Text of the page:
Despite the fashion industry being catered towards women and portrayed as a female-oriented industry, it is actually still largely run by men. The fashion industry has been forced to address size and diversity issues but gender is often not mentioned. Statistics show that, “Only 14 percent of major brands are run by a female executive,” and “Women make up more than 70 percent of the total workforce, yet hold less than 25 percent of leadership positions in top fashion companies.” The fashion industry is substantially upheld by female dollars, but a woman's voice is many times not reflected in the business decisions. Why wouldn’t there be a woman’s point of view behind a female empowerment fashion campaign? Reasons for this are stereotypical and findings include having a family, lack of confidence, sexism and a less aggressive pursuit of promotion. However, there are extraordinary women in fashion who have helped define the industry or are continuing to be an inspiration. In order to address this inequality issue, the primary solution given is to, “Raise awareness and put HR departments on notice.” It’s about time we start holding fashion brands accountable and instead put our dollars where it matters. That’s why I decided to put together a collective list of women who are breaking barriers and owning the fashion industry right now:
Known for her iconic crescent moon print and futuristic style, Marine Serre has gained a cult following for her luxury sportswear with influences of athleisure. The 30-year-old was born in a small village in France and worked her way up to winning the LVMH Prize in 2017 that gained her international attention. Her work consists of futuristic apparel and accessories mixed with upcycling material in at least 50% of her collections.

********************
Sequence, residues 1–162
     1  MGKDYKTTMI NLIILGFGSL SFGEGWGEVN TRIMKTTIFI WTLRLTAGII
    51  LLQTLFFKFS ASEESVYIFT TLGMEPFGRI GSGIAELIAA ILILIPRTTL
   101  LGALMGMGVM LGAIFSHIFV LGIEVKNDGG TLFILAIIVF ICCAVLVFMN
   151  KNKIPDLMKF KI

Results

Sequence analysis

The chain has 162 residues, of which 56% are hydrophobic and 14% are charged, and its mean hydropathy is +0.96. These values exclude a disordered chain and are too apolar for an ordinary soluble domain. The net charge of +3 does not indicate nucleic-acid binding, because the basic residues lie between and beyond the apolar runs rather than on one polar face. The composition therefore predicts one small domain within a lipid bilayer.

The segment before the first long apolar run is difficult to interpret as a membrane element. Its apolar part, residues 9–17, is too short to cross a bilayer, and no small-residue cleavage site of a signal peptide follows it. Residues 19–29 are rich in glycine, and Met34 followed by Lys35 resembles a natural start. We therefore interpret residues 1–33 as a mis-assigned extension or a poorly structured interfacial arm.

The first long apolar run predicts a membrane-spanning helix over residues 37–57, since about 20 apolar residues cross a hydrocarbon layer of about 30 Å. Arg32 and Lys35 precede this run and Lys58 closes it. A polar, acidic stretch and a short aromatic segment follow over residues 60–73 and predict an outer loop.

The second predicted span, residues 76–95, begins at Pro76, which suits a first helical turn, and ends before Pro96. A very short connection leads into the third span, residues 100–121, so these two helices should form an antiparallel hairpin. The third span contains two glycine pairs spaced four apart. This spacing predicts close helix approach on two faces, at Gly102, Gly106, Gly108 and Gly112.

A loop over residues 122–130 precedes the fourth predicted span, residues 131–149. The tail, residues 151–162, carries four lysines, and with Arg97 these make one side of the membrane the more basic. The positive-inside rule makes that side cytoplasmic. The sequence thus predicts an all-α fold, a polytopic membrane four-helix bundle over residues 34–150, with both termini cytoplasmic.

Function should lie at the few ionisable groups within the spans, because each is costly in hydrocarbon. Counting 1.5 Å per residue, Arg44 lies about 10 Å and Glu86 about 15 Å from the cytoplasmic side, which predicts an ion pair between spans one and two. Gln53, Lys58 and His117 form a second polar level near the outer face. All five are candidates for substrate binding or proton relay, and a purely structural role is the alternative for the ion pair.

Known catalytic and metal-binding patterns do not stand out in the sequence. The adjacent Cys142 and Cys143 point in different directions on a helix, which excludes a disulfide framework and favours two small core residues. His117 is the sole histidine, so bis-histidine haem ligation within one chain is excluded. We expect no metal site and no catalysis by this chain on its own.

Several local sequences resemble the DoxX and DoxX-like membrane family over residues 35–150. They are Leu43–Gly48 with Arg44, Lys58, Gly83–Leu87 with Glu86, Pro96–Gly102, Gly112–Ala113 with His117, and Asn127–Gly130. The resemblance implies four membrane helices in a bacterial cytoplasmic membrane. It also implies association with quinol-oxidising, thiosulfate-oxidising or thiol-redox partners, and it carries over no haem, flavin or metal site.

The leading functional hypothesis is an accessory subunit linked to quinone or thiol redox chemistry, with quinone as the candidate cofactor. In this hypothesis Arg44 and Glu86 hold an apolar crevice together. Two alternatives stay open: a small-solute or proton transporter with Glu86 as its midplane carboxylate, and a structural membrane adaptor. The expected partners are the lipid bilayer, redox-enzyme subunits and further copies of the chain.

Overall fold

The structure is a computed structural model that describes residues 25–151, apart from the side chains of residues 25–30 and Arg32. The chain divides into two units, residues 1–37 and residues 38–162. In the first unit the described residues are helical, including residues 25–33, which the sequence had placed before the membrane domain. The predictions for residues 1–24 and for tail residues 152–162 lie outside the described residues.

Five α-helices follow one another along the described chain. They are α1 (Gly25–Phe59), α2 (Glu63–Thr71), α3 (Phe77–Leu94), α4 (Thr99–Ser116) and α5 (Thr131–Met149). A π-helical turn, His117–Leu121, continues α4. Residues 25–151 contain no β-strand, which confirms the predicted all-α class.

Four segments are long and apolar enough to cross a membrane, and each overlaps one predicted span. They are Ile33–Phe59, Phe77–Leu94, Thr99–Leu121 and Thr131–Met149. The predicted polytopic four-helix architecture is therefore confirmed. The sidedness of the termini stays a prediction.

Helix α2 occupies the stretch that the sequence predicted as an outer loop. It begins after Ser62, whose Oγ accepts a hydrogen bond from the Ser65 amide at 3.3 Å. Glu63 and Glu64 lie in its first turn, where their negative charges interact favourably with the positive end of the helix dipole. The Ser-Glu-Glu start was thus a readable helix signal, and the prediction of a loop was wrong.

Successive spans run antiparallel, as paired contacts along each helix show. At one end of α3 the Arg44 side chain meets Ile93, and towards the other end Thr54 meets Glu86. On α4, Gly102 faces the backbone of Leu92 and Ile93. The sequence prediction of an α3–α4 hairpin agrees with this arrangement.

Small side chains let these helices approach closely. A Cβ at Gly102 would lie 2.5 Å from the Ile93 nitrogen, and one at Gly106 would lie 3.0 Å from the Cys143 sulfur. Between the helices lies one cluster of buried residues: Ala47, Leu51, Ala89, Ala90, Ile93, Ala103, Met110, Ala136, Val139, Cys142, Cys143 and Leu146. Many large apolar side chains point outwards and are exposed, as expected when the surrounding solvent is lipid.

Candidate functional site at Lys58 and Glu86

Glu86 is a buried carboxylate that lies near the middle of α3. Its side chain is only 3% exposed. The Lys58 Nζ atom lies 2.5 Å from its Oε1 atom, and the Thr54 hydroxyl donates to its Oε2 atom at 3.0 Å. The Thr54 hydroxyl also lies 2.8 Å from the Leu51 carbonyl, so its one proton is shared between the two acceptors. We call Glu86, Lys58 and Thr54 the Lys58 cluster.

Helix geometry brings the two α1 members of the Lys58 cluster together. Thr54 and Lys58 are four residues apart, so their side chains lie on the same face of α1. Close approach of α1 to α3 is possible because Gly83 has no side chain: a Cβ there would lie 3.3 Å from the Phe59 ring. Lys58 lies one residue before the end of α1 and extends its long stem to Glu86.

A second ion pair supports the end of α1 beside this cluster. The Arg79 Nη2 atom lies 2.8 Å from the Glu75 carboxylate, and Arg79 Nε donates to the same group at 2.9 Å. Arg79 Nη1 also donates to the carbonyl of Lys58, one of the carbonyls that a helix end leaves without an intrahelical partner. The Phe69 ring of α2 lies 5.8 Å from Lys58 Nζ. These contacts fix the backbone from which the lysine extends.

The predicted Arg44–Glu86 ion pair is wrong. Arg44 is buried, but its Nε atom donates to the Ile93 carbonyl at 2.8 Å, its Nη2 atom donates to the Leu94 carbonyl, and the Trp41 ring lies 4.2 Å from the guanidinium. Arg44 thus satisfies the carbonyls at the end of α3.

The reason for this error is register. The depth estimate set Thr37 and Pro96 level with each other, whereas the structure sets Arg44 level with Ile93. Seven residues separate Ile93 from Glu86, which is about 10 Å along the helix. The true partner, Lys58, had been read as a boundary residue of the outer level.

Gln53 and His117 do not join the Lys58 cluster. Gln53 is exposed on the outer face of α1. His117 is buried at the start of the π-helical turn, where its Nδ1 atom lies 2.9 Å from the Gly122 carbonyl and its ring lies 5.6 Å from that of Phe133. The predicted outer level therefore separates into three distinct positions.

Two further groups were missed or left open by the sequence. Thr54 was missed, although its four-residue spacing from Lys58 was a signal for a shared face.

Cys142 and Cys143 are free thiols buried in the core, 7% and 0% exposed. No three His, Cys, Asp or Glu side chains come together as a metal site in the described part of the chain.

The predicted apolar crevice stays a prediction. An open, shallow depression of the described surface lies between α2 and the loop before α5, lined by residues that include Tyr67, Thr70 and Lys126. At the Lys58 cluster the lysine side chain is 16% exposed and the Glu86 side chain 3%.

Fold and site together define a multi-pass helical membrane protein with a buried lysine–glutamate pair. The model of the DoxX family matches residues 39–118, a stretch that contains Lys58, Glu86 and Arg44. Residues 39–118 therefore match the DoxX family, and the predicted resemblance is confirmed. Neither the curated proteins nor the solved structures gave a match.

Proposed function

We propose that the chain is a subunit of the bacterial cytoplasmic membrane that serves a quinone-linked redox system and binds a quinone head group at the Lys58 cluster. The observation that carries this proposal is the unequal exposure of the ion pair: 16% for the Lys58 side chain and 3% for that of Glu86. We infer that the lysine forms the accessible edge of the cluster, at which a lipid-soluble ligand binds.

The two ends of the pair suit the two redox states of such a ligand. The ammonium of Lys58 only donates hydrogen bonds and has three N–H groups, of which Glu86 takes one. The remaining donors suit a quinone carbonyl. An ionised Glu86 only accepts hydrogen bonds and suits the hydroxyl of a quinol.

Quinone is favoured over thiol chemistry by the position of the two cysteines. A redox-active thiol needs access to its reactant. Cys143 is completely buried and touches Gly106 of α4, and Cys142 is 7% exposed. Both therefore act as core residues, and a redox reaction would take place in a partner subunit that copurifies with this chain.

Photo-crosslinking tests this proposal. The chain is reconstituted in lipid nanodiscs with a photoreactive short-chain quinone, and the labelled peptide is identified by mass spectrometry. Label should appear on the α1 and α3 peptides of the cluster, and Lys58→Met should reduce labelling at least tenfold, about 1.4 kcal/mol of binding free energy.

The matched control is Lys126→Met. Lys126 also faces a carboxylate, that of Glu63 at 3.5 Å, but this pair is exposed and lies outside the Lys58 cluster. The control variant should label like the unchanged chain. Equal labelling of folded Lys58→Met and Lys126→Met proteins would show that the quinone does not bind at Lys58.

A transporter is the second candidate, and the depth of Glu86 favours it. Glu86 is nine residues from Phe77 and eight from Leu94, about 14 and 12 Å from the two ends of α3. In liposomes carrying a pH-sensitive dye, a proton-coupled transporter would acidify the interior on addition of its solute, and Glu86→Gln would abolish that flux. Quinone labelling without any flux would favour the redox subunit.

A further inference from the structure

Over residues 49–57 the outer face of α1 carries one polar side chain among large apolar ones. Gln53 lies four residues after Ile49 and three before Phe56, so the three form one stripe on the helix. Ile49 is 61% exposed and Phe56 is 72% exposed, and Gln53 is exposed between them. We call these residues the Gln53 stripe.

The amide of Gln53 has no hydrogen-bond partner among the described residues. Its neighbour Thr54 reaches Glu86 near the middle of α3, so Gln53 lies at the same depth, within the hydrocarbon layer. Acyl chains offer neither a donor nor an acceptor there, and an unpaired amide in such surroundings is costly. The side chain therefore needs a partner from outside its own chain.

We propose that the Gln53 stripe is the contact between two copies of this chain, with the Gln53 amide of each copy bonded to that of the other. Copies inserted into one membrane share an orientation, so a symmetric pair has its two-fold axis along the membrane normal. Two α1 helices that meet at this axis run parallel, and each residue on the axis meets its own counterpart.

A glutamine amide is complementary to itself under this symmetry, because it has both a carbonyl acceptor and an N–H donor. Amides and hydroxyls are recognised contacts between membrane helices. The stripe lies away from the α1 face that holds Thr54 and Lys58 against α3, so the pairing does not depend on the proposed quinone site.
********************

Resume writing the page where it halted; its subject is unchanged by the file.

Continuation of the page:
Making Forbes’ under 30 list in ‘Art & Style’ in 2019, Kim Shui is a young designer making a name for herself with provocative designs inspired by her Chinese ethnicity. She even described one of her collections as “Ming Dynasty meets Eurotrash.” Shui has been criticized for non-Chinese wearing her designs, as some see it as cultural appropriation, but her response is, “It’s not making fun of anyone. It’s more appreciation than anything else. One of the most important things for me has been bringing people of different backgrounds together.”
Iris Van Herpen
Iris Van Herpen is an avant-garde fashion designer, known for her innovative designs and haute couture quality. Van Herpen introduced 3D printing into the fashion industry and is famous for pushing the boundaries. Her inspiration comes from organic sources and tries to connect science and fashion.
The Chinese-Australian is now the youngest editor-in-chief at Vogue at only 27 years old. Margaret Zhang is a photographer, stylist, writer, creative director and consultant, but throughout her career she has worked with high-profile brands such as Louis Vuitton and Gucci. She has now taken over the role of editor-in-chief at Vogue China and plans on showcasing people with purpose and opinions.
Lindsay Peoples Wagner
From an intern in the fashion closets at Teen Vogue to becoming the youngest editor-in-chief at a Condé Nast magazine, Lindsay Peoples Wagner recently rejoined the style and culture magazine, The Cut as their editor-in-chief. Her previous experience at The Cut includes writing an examination of being Black in the fashion industry. This helped her make inclusion her top priority as editor-in-chief.
Known for revolutionizing punk fashion in the 70’s, Vivienne Westwood still continues to emulate her BDSM inspired designs that have garnered a cult following. Being a long-standing activist, her collections consist of her political stances with the recent focusing on climate change, nuclear disarmament and civil rights.
Aurora James is the founder and creative director of her own independent brand, Brother Vellies. The brand gained momentum for their artisanal footwear and handbags. James is an activist in real life and showcases this in her business as well. Her focus is on sustainability and uplifting Black-owned businesses. In the past year, James started the 15 Percent Pledge, which calls upon retailers to devote 15% of their shelf space for Black-owned businesses.